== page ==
Have you ever felt fascinated about the Indian art and architecture? There are a massive amount of temples, many museums and a few renowned heritage sites.
India is a country that has its roots steeped deep into religion and culture going back to ancient historical times. Acclaimed for its rich culture and heritage it’s tough to not bring up the subject of Indian art and architecture when it is being discussed about. The more I have explored, it’s evident that the birth place of various forms of art, India has a lot to offer to the world when it comes to architecture. Home to The Taj Mahal and countless other UNESCO world heritage monuments and sites, Indian architecture and art has attracted admirers across the globe. With time it has known to rapidly evolve and progress under influences throughout the courses of history.
A little history
The earliest evidence of architectural establishment in India goes back to the Bronze Age civilization. With its grid layout planned cities and two-storied residential abodes, the Indus Valley civilization laid the foundation of architectural heritage of India. First known evidences of art are known to be in the form of cave paintings and then it eventually grew to be a part of people’s daily lives. With painted pots to religious idols, art was really popular and continued to only grow and greatly practiced in the country.
After the firm establishment of Hinduism came numerous forts and palaces built in grandeur and intricate detailing appearances to accommodate the royals. Temples such as the Khajuraho and Lingaraja inspired by the Shikara style still stand strong after all these centuries. The most famous perhaps being the Sun Temple at Konark which greatly explains how religiously Indians worshiped the sun. Stupas from the Mauryan Age never fail to remind us of the Buddhist influence that took over that period. Both Indian art and architecture from the period greatly seems inspired from that of Greek and Roman architecture during the times which is unique in its own way. The artwork at Ajanta caves are known to be the biggest surviving works of Buddhist art. There is a surreal energy when you walk into these sites.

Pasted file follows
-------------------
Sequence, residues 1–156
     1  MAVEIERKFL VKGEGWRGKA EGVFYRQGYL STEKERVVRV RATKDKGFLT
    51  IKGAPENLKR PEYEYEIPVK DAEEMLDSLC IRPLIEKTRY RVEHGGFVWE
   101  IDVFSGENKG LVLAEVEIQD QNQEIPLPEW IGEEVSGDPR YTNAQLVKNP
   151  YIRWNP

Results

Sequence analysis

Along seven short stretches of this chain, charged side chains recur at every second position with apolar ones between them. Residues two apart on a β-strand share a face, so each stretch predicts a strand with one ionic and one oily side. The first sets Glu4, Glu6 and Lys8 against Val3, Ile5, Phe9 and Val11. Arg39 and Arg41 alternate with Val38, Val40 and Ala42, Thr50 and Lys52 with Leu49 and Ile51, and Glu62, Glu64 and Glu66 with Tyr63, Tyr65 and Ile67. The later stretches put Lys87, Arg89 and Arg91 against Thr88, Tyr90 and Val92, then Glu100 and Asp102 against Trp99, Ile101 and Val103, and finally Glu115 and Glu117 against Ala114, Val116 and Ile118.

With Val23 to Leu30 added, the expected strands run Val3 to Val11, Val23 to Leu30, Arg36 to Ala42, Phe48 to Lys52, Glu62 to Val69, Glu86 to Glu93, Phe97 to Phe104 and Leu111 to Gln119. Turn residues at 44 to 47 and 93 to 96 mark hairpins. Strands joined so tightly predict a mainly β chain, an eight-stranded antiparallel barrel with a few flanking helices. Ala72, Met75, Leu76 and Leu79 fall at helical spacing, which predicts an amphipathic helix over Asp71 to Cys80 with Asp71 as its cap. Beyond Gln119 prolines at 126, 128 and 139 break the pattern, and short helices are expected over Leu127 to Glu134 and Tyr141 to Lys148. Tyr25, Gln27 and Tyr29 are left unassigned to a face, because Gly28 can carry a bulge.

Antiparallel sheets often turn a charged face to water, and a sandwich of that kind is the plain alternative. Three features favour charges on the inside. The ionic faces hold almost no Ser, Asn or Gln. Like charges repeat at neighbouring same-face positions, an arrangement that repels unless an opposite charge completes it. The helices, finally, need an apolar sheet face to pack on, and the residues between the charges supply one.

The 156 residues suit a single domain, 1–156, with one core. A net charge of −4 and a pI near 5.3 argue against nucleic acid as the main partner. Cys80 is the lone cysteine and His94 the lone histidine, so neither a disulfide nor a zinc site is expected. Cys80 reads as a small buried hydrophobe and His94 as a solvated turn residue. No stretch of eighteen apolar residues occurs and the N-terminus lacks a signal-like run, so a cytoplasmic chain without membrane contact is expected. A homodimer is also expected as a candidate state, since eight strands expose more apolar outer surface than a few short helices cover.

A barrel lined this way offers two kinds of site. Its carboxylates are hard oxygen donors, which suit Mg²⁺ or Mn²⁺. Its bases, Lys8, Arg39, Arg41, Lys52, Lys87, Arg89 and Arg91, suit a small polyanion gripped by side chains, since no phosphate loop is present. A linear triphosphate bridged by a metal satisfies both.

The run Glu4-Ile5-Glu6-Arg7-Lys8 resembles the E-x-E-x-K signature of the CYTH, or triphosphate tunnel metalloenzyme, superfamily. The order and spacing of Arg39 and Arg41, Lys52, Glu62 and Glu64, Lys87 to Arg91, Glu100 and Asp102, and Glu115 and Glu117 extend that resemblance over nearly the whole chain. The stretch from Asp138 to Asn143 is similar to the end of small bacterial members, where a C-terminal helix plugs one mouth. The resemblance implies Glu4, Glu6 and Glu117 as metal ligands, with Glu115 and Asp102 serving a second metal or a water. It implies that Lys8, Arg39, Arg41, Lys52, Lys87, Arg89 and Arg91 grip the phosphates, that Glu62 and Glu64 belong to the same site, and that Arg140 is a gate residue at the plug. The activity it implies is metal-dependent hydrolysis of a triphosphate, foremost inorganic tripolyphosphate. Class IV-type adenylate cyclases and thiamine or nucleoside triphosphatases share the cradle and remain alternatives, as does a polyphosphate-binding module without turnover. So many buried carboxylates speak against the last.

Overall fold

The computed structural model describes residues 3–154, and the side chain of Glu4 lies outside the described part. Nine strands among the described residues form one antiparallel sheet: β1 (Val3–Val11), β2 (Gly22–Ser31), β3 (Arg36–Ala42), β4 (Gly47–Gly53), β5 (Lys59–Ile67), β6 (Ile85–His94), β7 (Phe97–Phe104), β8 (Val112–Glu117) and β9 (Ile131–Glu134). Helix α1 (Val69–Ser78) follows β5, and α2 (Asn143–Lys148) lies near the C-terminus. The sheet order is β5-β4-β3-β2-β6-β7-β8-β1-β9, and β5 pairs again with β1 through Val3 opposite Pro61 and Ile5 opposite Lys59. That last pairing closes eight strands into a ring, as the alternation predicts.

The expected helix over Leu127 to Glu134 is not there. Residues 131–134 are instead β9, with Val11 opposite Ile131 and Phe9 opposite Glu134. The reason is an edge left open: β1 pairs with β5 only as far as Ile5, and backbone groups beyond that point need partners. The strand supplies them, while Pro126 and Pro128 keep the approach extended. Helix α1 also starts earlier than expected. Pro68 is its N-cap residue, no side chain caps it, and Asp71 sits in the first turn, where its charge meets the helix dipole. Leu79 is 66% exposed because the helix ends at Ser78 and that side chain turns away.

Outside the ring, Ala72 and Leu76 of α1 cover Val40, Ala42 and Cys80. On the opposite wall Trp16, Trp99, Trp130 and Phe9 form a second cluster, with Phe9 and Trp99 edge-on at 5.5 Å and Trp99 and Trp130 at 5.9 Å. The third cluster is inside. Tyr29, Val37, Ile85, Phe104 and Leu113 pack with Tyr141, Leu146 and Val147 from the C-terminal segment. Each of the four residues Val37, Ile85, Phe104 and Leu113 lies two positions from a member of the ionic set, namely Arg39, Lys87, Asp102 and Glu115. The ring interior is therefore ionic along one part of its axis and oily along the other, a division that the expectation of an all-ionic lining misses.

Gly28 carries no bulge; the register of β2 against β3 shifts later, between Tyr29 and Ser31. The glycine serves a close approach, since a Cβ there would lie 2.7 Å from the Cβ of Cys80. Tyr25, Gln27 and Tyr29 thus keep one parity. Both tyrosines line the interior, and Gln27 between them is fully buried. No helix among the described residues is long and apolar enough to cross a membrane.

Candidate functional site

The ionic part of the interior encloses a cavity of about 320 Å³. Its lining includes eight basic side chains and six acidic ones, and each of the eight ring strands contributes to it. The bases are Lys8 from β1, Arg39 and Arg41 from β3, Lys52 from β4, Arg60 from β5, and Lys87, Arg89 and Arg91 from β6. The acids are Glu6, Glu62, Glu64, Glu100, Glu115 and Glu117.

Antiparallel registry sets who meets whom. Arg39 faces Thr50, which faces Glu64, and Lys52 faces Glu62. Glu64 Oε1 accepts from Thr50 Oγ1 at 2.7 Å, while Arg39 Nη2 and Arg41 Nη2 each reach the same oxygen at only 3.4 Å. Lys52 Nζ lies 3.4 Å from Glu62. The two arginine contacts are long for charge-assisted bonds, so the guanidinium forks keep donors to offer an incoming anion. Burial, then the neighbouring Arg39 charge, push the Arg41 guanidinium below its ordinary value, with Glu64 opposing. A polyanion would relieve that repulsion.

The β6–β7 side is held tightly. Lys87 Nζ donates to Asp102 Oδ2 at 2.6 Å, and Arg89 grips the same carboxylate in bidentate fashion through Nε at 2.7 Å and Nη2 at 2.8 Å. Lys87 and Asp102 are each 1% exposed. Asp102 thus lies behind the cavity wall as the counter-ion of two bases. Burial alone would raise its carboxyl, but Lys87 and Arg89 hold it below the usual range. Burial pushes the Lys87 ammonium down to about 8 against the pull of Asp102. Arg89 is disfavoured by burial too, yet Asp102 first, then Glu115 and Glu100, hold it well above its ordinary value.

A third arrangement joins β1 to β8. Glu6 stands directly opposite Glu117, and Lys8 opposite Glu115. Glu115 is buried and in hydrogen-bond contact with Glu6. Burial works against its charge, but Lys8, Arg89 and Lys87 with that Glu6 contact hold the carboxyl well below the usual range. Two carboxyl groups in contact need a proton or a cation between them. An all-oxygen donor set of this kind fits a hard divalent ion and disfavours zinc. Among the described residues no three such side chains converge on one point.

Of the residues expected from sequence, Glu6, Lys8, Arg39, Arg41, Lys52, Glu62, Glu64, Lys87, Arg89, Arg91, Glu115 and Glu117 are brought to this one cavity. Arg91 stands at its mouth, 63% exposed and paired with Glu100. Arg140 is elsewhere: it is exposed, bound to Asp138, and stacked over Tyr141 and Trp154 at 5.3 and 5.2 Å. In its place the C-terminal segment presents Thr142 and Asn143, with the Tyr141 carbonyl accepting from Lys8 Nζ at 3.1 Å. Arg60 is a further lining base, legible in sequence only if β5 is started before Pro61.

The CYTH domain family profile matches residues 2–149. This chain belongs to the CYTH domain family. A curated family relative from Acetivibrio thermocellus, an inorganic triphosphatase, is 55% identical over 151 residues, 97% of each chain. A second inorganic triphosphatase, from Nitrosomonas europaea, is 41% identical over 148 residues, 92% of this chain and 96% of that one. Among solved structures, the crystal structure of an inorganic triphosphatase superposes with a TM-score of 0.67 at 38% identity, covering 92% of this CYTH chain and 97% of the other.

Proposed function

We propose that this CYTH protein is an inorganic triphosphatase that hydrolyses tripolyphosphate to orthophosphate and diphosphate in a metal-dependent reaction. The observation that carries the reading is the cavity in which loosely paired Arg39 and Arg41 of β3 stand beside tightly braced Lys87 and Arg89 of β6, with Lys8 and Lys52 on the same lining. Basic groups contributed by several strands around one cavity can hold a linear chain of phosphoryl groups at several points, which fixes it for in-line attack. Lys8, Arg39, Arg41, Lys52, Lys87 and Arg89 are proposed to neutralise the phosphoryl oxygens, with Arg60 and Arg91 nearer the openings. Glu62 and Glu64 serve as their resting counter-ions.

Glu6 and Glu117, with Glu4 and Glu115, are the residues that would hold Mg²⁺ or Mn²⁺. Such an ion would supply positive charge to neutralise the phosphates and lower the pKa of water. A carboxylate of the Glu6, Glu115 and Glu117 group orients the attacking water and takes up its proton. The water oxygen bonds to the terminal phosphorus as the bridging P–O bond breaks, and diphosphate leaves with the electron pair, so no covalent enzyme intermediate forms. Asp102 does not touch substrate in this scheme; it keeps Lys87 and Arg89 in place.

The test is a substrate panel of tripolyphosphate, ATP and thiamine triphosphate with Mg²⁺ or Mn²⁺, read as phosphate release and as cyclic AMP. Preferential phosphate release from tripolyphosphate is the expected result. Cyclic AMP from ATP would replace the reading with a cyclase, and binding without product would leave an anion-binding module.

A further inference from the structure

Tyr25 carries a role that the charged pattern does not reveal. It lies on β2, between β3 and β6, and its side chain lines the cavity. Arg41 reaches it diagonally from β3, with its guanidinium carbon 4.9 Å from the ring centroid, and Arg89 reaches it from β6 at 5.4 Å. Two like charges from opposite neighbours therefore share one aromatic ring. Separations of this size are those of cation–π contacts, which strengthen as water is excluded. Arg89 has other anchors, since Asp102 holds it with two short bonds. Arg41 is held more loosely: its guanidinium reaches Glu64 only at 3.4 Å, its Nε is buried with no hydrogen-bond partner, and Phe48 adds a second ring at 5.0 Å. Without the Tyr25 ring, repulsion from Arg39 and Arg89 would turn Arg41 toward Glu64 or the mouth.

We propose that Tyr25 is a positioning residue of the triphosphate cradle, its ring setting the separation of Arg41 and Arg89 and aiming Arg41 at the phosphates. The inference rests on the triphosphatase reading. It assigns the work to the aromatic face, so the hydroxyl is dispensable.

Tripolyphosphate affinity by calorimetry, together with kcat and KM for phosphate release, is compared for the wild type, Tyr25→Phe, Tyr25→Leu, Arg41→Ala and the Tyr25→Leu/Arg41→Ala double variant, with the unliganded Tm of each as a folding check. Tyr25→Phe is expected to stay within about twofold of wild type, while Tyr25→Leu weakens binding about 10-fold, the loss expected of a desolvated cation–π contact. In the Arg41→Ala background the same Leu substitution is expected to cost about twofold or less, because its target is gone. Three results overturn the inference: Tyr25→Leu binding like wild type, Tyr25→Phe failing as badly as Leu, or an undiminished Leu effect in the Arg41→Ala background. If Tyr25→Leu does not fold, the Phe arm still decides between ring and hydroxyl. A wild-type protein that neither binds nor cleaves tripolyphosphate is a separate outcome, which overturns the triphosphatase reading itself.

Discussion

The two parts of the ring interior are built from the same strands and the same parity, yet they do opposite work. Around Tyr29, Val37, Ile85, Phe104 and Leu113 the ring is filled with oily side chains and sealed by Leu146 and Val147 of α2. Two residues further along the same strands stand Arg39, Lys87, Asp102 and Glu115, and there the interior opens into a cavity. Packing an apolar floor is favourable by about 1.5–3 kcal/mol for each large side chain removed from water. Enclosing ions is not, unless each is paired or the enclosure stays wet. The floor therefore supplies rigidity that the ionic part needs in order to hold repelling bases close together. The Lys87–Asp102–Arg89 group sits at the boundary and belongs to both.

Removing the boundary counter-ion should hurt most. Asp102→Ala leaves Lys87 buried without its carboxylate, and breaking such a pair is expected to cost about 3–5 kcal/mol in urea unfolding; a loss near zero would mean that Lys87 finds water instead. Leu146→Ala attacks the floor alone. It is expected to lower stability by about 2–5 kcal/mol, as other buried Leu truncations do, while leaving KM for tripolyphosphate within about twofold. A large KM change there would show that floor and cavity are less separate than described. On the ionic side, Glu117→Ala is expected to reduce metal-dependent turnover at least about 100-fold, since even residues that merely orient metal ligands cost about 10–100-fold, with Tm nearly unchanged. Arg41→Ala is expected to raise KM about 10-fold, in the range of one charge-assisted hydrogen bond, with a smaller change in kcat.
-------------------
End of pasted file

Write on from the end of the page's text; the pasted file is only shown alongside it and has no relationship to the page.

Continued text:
An evident era
We have had it so evident in our history lessons that perhaps the golden age of Indian art and architecture began when the Mughal Empire was established. The Mughals brought with them a resplendent form of stellar art which captured the very essence of Persian influence. Mughals, known to be great patrons of all forms of art are credited for establishing the masterpieces such as Taj Mahal, Agra Fort, The Red Fort and Humayun’s Tomb. Art flourished greatly during the times with numerous paintings, created by famed painters such as Mir Sayyid Ali and Abd al-Samad in their signature miniature styles. Many schools of art such as the Rajput School were established during the century which yielded many gems of artworks. After the Portuguese and British took reigns of the Indian empire, modern European influence greatly submerged the art and architectural scene of India into itself. The Southern part of the country has several buildings inspired by Portuguese catholic architecture. Even today Puducherry defines as a mini French colony.
The Indian art and architecture we see today…
The capital city of India, Delhi hosts a large number of such archival monuments standing as the biggest evidence. From the Parliament to Victoria Memorial in Calcutta, British transformed the face of Indian architecture with contemporary designs. Great many Indian artists too were inspired by diverse European schools of art, that brings in the use of water and oil colors.
I live in Ahmedabad and despite all the infrasturctural advancements the city has made, the Old city continues to embrace the beauty of what once was constructed. The dilapidated pols and the ancient Lal Darwaja is fascinating overlooking all the hustle through the city.
With time, India has gone on to modernizing swiftly matching pace with the westernized world. Yet, the Indian art and architecture has essentially adorned its rich heritage, keeping in alive.
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